March 14-18

On Monday, I put away more blood spots from the medical examiner’s office and got all sorts of details from Teri about the calls she got over the weekend. She had two fire fatalities, a body found near a creek, and a shooting, which can be read about by following these links:

Motel fire fatality: http://www.foxcarolina.com/story/31453523/coroner-one-dead-at-greenville-county-hotel

Body found near the creek: http://wspa.com/2016/03/11/body-found-at-brushy-creek-in-greenville-co/

Shooting: http://wspa.com/2016/03/13/man-shot-to-death-in-greenville-apartment/

Teri had me fill out a property and evidence sheet for the man found near the creek. Apparently part of him had made it in the water, so she had all the items found on his person drying on a table. She left Gary with me so we could fill out the form faster and he just told me what to write on the form. We had to fill out all the decedents information, then give a detailed description of what each item was and the quantity. After that, we dumped it all in a paper bag and put it in the property and evidence room, where it can now be picked up by his family.

The next day was very slow. No calls came in while I was there, so I put away the last of Greenville County’s blood spots and helped Gary move things around in the property and storage room. We were just moving unclaimed property from 2014 into a new drawer to make room for the new things that are coming in.

On Wednesday, I got to go on another call. It was for a natural death, and I was able to go on a call with Sonny for the first time. The decedent died at home. He had been complaining about chest pain and his family called 911. Paramedics arrived and he coded soon after. They worked on him for 40 minutes but couldn’t bring him back so they called his time of death at 12:58. Sonny took all the necessary pictures, took a blood spot, and took the decedent’s fingerprints. He had me write down all the prescriptions in the room, which included the name of the medication, the instructions provided, the doctor that prescribed it, the date it was filled, and the quantity in the package. I filled almost four pages with all the medications, then we let the funeral home take him and left. After that, we went back to the office and Sonny told me about two homicides he had worked in January. One was a shooting and the other was a stabbing, so those were interesting to hear about.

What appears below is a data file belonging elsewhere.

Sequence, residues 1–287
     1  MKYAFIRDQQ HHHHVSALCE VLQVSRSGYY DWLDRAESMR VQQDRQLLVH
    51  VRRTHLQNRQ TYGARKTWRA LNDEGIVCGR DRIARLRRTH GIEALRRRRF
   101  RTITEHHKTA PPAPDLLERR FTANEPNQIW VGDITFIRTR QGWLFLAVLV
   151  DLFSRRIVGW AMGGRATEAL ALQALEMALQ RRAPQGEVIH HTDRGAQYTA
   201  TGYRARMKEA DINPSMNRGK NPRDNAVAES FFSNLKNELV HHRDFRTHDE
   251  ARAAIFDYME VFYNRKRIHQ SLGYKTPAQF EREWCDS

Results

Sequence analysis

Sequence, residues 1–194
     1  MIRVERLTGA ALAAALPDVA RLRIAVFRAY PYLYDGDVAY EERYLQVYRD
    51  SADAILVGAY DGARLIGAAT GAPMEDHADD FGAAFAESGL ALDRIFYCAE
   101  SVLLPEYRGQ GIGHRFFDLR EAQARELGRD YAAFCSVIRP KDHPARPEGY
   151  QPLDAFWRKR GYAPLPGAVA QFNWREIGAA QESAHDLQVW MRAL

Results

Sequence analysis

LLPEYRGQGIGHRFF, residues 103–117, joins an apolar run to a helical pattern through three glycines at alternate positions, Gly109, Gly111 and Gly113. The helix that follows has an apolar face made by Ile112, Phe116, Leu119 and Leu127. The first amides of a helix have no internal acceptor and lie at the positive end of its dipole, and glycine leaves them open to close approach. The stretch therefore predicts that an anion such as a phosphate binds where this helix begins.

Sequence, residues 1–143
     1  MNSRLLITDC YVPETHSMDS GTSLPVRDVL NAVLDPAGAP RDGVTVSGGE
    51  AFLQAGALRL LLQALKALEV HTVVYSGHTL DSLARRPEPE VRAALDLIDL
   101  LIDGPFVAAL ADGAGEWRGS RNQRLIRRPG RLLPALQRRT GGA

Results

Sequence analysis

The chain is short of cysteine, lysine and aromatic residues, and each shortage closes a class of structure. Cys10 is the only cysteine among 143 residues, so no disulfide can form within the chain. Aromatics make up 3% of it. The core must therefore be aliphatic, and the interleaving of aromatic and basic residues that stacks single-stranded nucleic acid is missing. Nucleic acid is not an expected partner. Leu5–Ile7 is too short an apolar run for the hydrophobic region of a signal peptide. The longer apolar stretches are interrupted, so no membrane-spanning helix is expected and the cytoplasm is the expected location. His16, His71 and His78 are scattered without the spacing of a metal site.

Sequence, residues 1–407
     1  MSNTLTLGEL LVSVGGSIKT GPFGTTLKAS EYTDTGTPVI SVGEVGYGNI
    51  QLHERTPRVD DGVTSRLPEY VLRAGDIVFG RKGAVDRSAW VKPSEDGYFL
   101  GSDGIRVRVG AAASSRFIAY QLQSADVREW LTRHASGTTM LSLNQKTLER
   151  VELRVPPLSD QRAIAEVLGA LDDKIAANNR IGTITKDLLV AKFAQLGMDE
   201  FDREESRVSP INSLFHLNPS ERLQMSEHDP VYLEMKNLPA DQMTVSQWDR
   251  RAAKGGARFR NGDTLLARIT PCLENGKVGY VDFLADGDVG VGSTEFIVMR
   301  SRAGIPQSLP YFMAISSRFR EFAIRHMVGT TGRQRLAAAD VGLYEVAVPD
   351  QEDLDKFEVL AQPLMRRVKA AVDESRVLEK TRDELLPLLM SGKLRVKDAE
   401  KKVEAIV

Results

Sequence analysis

On Thursday, there were a lot of people out of the office and it was only me, Dee, Sonny, Teri, and Kent in the building. No calls were coming in and Teri was caught up on paperwork, so we both washed our cars in the back parking lot because we had nothing else to do.

Friday was just awful. Not because of anything that happened to me, but because a police officer was shot and killed. His name was Allen Jacobs and he was married with two kids and a third on the way. He was attempting to serve a warrant to a gang member, who then took off and fired at the officer. Teri and I were out running errands when she got the texts from dispatch and we heard everything that was happening over the radio. At first it was an alert for a gunshot wound to the head (after he shot the officer, the gang member killed himself), then we heard that an officer had been struck and was in cardiac arrest. Teri and I were glued to our phones and the radio after that, and it was confirmed in a press conference that the officer was pronounced dead at the hospital. You can read about it here: http://wspa.com/2016/03/18/allen-jacobs-ided-as-greenville-police-officer-killed-in-shooting/

I did not know him personally, but I am sure some of the deputy coroners have worked with him on death scenes in the past. The office was very quiet for the rest of the day. It is always difficult when law enforcement officers lose one of their own. I could go on and on about what the coroners did and other details about the shooting and whatnot, but out of respect for the fallen officer I do not want to focus on everything I knew that was going on behind the scenes, but on the fact that Greenville County lost a hero on March 18. Rest easy, Officer Jacobs.

patrol car

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